The packed house started cheering as soon the curtains opened to reveal Tina (played this night by Zurin Villanueva), and Broadway in Cincinnati set the tone for a killer season with Tina: The Tina Turner Musical as their season opener at the Aronoff. Featuring favorite songs from the Grammy award-winning Queen of Rock n’ Roll, Tina will have you clapping, stomping, and dancing in your seat.
Our introduction to Tina seamlessly transitions into a pivotal place for Young Anna-Mae (her name before the fame), played by the incredibly talented Ayvah Johnson. We find her singing in the church, surrounded by the congregation who loves and supports her.
While the congregation and the audience are thrilled with her big, beautiful voice, her bold behavior embarrasses her mother, who complains that she sings too loud and attracts too much attention. This starts a fight between her parents before they both walk out on Young Anna-Mae, leaving her to be raised by Gran Georgeanna (played on opening night by understudy and dance captain Shari Washington Rhone).
After growing up with Gran Georgeanna, Tina is invited back to her mother’s house with her sister Alline (Parris Lewis), who shows her St. Louis nightlife. While out, they find Ike (Garrett Turner) and his band, who invite all the girls at the bar to sing with them. After Tina impresses him, he asks her mother if she can join his band, and everyone insists “It’s Gonna Work Out Fine.” And so begins the whirlwind that is the Ike and Tina Turner tour.
Tina: The Tina Turner Musical is full of flashing lights and fun choreography in the right moments, but if you’re expecting this to be another jukebox musical just to sing along to or a concert you can watch without a lot of thought, think again. The librettist trio Katori Hall, Frank Ketelaar, and Kees Prins did not stray away from digging into tougher topics like domestic violence. This theme follows Tina throughout her journey until she takes control of her life and never lets go.
While this show does not shy away from hard subjects, Act 2 does bring in some welcome humor and cute moments. Plus, the music itself brings enough entertainment to keep the evening balanced. Director Phyllida Lloyd guides the cast through this book to tell a genuine story that is moving and entertaining.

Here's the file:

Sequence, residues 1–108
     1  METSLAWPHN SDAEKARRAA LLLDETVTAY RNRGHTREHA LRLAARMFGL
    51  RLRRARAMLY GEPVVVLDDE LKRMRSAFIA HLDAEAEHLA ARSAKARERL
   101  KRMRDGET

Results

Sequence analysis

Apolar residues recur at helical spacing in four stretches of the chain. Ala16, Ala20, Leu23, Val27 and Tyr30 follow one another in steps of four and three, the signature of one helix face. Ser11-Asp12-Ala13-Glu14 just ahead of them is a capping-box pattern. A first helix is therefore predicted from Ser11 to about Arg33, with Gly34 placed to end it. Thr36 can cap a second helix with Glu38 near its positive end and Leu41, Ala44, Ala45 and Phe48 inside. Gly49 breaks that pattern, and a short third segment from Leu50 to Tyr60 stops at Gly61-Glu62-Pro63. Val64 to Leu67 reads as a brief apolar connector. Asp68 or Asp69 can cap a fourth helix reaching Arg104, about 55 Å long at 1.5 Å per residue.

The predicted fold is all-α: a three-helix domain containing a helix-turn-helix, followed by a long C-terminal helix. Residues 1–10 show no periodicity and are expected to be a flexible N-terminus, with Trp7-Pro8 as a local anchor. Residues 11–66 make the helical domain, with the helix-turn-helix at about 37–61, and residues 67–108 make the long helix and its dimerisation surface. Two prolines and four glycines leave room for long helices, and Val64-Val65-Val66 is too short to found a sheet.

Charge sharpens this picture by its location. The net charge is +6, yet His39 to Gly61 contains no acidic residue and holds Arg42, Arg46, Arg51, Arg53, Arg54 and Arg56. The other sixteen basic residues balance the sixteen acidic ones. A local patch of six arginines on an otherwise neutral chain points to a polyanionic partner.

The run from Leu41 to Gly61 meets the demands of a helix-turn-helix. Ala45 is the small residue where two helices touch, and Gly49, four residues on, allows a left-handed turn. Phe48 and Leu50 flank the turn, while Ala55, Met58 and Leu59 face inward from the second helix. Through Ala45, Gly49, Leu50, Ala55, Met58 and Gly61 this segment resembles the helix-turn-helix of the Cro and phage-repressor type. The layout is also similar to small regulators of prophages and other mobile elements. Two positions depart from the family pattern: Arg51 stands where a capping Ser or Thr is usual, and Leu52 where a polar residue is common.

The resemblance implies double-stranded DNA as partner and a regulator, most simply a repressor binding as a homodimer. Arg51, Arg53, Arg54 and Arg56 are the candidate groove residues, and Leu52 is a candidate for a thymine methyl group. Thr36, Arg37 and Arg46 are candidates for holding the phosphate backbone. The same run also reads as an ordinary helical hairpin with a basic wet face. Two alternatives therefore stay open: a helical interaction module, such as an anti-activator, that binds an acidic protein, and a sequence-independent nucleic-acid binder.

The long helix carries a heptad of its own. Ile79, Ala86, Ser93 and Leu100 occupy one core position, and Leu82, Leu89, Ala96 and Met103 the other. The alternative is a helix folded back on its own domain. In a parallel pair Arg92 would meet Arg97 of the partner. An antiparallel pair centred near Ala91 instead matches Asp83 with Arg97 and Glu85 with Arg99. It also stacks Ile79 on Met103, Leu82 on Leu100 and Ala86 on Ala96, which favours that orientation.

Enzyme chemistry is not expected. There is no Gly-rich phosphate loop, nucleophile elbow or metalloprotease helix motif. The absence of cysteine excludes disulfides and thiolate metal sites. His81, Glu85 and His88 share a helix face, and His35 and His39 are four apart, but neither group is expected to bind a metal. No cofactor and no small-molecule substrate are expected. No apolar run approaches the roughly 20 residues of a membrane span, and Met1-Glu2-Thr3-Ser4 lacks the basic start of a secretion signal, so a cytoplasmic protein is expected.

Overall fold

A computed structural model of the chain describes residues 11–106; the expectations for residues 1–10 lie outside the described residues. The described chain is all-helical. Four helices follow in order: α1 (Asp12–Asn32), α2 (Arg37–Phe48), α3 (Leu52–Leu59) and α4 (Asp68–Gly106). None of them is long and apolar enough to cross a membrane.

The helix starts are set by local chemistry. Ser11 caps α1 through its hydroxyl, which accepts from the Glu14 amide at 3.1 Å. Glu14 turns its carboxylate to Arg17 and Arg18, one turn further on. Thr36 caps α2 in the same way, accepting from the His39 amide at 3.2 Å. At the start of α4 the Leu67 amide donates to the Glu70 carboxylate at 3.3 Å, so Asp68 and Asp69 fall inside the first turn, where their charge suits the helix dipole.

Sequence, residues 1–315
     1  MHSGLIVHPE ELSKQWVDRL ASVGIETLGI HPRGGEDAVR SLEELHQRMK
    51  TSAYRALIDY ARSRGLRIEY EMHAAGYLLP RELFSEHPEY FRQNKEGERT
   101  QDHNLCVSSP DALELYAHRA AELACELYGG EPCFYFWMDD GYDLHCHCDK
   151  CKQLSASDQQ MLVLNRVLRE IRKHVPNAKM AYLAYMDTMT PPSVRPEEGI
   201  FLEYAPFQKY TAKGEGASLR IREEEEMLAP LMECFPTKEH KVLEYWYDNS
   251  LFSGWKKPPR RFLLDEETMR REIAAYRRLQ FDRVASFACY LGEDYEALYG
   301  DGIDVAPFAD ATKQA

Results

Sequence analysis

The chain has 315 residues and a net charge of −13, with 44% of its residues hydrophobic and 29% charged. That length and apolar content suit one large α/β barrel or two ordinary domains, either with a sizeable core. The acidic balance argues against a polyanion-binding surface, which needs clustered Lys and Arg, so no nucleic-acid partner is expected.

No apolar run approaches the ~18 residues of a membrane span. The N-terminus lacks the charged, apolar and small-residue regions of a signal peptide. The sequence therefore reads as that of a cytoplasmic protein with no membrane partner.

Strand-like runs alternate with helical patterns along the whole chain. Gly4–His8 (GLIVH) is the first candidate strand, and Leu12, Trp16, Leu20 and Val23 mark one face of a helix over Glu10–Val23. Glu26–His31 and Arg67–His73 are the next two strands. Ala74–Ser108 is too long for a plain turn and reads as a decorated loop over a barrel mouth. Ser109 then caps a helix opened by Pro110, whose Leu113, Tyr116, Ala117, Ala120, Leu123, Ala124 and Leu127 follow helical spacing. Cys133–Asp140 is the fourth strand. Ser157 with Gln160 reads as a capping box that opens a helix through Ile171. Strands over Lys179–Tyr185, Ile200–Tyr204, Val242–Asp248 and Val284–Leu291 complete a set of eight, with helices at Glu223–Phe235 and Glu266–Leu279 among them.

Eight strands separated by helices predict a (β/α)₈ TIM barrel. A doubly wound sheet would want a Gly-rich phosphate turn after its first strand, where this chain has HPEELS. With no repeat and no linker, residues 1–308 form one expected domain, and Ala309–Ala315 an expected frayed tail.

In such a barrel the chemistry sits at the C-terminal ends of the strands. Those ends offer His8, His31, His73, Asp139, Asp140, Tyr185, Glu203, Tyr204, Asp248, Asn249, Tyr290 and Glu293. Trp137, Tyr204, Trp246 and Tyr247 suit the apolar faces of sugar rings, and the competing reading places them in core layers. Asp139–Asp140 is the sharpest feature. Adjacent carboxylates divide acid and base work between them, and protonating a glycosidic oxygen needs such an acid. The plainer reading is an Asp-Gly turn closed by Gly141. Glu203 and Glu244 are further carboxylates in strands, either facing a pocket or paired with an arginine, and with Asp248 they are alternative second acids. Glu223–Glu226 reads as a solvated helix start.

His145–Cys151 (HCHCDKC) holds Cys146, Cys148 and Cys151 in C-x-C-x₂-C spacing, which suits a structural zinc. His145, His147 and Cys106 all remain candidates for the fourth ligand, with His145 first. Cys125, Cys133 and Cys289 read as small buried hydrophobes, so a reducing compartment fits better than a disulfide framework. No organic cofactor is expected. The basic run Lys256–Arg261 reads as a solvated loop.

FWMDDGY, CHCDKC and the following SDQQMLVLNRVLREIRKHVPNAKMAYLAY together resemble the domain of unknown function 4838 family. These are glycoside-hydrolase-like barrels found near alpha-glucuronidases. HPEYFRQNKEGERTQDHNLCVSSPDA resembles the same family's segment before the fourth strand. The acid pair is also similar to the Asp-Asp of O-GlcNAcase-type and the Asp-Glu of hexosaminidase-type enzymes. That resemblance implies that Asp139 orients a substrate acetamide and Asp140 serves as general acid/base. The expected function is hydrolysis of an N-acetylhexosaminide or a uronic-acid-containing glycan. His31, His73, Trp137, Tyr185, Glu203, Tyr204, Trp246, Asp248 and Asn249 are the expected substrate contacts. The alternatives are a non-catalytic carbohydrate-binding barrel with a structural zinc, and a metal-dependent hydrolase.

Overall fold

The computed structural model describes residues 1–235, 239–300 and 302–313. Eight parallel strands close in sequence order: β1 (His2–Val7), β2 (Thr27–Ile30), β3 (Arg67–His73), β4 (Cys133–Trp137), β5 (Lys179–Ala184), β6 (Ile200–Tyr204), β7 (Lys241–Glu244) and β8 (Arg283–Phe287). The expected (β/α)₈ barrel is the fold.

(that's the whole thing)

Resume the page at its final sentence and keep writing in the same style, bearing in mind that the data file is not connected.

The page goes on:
From the high-energy ensemble numbers to the hard-hitting solos, there is no weak voice among the cast of Tina: The Tina Turner Musical. Zurin Villanueva herself captures the audiences’ attention every time she opens her mouth, but when she grabs a microphone and starts dancing, you know you’re in for a show. The ensemble plays much more than backup singers and dancers as they fill the stage with energy and excitement and turn each song into a show. Ayvah Johnson stands out with a full, beautiful voice that shines now and promises a bright future in performance. Taylor Blackman as Raymond comes as sort of a surprise in the plot, but is certainly welcome with his charming song “Let’s Stay Together” that will leave you shipping Tina and Raymond even though you just learned about them. Music Director and Conductor Anne Shuttle deserves that moment onstage with the cast during curtain call to share in the celebration.
The cast excellently tells the story, but the creative design sets the stage every step of the way. With so many scenes, the simple set (Mark Thompson) helps keep transitions quick and seamless, and works well with the lighting (Bruno Poet) and projections (Jeff Sugg). The projections range from contextual clues like the St. Louis arch outside “windows” to more abstract designs to match the energy of the music. The lighting varies from selective spotlights to full rock concert strobes. Everything serves the story and transports the audience to new places.
By the last song before curtain, “Simply The Best,” the audience is itching to stand. The singing, the band, the lights, costumes, the dancing all pull together for this one beautiful moment that transports us to Tina Turner’s concert, which earns a standing ovation before the lights fade.